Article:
A lawsuit dating back to 2012 has turned the financial screws on the International Longshore and Warehouse Union, forcing the organization to file for Chapter 11 bankruptcy protection, the union announced Sunday.
The decade-old litigation between the union and an affiliate of the International Container Terminal Services Inc. began over what was determined to be illegal tactics when workers for years caused operational disruptions at the Port of Portland. After a 10-day trial in late 2019, a jury found ICTSI was entitled to over $93.6 million in damages.
The union challenged the amount and, in March 2020, a judge determined the maximum amount owed by the union was just over $19 million.
“The ILWU was prepared to accept that and find a way to pay the amount at that time,” the union stated in an Oct. 1 memo to all members. ICTSI, however, has rejected the ruling, the memo states, and a new trial was scheduled in which the terminal operator is seeking between $48 million and $142 million in damages.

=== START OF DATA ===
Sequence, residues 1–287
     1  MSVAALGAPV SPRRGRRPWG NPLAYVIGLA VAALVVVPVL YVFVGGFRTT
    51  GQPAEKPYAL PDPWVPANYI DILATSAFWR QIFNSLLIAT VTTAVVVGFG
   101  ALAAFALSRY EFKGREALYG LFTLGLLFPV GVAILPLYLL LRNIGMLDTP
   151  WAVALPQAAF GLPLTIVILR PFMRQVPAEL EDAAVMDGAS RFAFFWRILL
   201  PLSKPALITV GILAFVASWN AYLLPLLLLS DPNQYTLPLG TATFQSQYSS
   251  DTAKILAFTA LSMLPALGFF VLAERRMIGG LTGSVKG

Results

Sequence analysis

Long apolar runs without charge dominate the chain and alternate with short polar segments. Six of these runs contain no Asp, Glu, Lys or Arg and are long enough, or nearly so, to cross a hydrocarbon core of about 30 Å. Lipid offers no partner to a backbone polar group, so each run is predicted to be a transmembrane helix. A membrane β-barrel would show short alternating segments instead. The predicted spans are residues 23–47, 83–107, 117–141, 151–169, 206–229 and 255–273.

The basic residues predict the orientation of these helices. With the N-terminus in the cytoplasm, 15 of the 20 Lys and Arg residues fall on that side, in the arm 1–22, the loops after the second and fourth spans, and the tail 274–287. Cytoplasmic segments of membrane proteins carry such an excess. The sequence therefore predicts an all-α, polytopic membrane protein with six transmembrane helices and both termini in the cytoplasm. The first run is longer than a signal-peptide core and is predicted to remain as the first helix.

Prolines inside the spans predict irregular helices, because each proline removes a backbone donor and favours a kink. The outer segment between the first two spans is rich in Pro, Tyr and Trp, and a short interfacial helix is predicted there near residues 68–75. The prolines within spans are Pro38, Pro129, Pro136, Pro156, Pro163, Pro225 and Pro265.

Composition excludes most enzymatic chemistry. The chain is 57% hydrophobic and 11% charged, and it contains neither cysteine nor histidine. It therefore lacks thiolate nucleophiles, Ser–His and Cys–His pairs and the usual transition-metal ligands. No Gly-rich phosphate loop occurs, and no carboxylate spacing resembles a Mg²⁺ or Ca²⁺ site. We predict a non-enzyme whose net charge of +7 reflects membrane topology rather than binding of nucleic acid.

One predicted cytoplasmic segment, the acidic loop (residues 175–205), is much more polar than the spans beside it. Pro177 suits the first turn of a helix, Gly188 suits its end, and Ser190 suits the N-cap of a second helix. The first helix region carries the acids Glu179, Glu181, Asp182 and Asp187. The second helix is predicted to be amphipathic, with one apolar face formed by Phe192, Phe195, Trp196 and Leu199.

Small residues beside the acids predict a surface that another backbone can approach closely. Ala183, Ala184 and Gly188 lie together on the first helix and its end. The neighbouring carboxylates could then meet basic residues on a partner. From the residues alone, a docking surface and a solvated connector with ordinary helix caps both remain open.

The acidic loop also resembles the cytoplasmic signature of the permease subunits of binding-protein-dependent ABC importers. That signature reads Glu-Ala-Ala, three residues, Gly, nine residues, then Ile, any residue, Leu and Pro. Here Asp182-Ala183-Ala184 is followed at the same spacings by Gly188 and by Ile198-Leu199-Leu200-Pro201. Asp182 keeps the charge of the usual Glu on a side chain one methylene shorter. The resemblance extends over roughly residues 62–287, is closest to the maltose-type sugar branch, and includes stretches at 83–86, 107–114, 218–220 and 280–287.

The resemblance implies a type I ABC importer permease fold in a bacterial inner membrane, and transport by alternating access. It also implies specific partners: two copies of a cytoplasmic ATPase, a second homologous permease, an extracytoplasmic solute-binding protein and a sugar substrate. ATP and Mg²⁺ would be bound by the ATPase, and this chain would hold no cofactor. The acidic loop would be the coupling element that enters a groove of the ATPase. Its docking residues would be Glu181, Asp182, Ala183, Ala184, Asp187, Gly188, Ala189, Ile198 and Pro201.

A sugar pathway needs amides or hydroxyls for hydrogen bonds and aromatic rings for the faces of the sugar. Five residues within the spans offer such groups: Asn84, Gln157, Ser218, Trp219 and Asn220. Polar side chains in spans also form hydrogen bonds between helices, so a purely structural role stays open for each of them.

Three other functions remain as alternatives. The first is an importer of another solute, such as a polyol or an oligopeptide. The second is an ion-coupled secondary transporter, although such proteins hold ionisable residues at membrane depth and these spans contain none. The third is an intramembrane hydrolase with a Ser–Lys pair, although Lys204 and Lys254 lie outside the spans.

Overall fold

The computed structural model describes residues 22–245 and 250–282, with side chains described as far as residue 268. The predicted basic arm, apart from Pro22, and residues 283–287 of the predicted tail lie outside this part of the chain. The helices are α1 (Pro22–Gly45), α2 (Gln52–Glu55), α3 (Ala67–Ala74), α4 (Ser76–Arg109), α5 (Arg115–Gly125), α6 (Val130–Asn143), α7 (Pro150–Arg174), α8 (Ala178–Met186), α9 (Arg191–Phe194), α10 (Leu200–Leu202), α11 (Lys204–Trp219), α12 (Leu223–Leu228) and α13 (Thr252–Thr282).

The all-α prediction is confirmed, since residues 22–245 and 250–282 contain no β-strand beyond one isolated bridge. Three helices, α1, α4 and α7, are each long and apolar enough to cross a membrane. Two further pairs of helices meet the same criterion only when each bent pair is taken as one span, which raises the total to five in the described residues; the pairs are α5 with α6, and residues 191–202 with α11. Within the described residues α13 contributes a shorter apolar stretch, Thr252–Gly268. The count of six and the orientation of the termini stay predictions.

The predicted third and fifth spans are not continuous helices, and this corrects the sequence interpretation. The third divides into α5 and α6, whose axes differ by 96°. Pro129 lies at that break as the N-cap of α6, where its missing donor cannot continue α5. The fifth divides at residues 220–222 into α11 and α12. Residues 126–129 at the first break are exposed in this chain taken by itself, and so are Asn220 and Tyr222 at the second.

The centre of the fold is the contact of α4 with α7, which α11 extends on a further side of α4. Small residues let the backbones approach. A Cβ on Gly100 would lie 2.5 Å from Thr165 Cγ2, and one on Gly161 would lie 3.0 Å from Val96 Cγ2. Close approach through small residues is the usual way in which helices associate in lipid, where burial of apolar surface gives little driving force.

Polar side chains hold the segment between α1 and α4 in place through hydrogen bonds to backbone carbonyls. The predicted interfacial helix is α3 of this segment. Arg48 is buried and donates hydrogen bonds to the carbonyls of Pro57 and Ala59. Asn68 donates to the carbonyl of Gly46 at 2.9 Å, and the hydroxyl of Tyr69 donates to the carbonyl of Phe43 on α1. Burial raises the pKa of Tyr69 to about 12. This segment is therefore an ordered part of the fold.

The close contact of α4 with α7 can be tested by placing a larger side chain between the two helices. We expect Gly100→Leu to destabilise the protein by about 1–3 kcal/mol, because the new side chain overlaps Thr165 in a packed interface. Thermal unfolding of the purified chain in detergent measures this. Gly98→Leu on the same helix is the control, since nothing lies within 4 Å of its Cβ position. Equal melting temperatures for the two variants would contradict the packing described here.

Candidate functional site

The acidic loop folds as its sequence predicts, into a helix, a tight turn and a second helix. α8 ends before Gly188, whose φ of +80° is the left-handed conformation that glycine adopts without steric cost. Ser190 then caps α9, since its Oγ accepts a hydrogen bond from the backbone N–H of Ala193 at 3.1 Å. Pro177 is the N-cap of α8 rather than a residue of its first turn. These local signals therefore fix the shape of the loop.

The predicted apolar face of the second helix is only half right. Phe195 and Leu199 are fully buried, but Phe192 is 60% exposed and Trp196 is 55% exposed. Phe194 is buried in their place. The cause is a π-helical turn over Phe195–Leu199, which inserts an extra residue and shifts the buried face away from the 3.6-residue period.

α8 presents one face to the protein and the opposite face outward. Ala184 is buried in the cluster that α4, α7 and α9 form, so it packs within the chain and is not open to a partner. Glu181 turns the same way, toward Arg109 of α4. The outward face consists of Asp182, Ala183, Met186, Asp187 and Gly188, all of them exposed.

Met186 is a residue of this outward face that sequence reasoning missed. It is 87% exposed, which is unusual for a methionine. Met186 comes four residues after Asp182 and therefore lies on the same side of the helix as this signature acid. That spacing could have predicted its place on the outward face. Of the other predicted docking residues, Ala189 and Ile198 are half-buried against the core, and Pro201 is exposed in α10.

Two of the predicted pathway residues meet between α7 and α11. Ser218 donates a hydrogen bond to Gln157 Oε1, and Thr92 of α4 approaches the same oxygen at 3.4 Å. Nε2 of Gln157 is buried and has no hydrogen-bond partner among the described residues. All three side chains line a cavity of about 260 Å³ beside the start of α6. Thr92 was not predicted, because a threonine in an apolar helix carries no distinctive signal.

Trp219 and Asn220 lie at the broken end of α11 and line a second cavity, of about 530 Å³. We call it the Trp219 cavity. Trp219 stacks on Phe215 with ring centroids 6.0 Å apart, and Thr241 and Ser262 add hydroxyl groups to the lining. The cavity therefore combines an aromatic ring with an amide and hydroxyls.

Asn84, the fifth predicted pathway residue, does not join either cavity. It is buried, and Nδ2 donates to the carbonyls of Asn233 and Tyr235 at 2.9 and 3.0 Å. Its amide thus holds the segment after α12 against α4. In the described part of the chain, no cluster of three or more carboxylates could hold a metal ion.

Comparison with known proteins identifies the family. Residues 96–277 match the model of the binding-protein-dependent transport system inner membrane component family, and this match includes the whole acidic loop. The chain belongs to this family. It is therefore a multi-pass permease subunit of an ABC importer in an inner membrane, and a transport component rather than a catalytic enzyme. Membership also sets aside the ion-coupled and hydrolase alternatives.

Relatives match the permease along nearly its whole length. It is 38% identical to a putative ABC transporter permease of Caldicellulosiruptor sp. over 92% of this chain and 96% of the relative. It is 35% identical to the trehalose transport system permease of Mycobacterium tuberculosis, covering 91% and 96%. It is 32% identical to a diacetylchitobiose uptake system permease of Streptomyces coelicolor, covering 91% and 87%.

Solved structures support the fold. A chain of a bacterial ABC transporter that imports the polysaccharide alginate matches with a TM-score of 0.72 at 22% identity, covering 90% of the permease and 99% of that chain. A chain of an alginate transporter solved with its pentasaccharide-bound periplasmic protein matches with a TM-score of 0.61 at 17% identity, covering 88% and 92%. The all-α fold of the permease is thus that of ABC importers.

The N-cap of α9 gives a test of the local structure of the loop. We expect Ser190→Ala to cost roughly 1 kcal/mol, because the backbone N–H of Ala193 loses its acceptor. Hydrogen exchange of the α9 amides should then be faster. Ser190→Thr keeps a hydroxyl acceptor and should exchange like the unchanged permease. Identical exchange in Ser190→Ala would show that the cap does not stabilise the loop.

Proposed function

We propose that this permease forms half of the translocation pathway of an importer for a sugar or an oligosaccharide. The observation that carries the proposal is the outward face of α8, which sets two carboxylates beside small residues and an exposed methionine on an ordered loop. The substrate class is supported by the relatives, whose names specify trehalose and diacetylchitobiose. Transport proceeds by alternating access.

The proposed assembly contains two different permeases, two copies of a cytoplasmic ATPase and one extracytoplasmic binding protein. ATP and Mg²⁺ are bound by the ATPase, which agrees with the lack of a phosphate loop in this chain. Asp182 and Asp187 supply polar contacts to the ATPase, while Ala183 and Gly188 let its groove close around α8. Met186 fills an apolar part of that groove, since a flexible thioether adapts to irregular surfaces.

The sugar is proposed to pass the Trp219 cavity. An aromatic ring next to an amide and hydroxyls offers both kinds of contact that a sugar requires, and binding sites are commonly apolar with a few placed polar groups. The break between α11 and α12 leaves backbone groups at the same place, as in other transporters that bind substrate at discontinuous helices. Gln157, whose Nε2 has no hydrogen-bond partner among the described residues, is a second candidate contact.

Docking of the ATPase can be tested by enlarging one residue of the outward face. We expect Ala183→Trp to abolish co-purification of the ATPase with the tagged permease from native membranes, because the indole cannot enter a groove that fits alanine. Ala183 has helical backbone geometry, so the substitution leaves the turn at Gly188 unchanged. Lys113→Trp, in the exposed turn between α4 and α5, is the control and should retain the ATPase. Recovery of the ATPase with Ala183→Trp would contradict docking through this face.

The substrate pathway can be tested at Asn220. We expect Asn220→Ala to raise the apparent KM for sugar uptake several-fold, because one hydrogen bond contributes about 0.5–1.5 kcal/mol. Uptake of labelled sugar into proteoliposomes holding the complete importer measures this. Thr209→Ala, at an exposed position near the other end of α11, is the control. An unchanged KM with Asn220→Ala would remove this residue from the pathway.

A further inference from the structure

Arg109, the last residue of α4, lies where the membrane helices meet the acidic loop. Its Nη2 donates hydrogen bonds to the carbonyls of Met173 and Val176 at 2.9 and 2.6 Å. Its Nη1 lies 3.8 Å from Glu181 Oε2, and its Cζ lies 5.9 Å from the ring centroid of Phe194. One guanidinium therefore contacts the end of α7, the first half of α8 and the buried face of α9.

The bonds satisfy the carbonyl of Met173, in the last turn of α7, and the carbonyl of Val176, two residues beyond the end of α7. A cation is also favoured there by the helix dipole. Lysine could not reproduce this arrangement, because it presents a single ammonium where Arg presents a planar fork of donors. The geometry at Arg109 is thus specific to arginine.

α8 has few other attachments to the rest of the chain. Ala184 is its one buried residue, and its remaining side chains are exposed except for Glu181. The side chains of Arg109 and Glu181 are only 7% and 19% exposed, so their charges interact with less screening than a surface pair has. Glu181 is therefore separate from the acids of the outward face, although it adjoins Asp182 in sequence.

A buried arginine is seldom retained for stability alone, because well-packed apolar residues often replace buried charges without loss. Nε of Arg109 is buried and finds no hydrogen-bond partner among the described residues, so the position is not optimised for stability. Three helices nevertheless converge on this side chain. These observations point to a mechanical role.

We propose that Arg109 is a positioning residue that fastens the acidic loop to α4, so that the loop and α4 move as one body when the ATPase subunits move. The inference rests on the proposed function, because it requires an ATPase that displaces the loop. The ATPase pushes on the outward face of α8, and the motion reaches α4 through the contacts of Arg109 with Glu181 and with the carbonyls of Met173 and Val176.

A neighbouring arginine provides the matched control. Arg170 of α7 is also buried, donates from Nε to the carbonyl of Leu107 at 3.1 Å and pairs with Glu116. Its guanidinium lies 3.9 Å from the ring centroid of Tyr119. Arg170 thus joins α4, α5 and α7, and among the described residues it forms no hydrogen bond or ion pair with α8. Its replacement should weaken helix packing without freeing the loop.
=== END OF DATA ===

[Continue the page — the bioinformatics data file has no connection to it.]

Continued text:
In the union’s Sept. 30 filing, it listed its assets and liabilities in the range of $1 million to $10 million, far below even the reduced damages it was facing.
“While we have attempted numerous times to resolve the decade-long litigation with ICTSI Oregon, Inc., at this point, the Union can no longer afford to defend against ICTSI’s scorched-earth litigation tactic,” union President Willie Adams said in a statement.
ICTSI, for its part, said the bankruptcy filing is the union’s “latest maneuver to avoid accountability,” according to a Reuters report.
The union said the bankruptcy process won’t disrupt its operation, adding that it will be “business as usual” for its members and affiliates.
The union stated it would file customary “First Day” motions with the court to maintain its cash management system as it works through its reorganization process.
ILWU President Willie Adams in a statement said the organization, which represents over 40,000 members (including some 22,000 dockworkers) across 50 locals and affiliates on the U.S. and Canada West Coasts, will use the Chapter 11 process to “implement a plan that will bring this matter to resolution.”